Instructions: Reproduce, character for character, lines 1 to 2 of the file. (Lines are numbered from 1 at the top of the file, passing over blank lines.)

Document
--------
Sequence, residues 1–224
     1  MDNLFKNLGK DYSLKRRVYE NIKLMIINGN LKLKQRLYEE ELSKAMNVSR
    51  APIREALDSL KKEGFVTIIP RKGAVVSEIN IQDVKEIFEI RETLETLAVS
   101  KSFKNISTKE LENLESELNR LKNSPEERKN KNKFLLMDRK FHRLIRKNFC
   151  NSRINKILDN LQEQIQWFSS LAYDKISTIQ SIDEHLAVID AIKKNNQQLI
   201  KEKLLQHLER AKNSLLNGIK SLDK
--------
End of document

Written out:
Sequence, residues 1–224
     1  MDNLFKNLGK DYSLKRRVYE NIKLMIINGN LKLKQRLYEE ELSKAMNVSR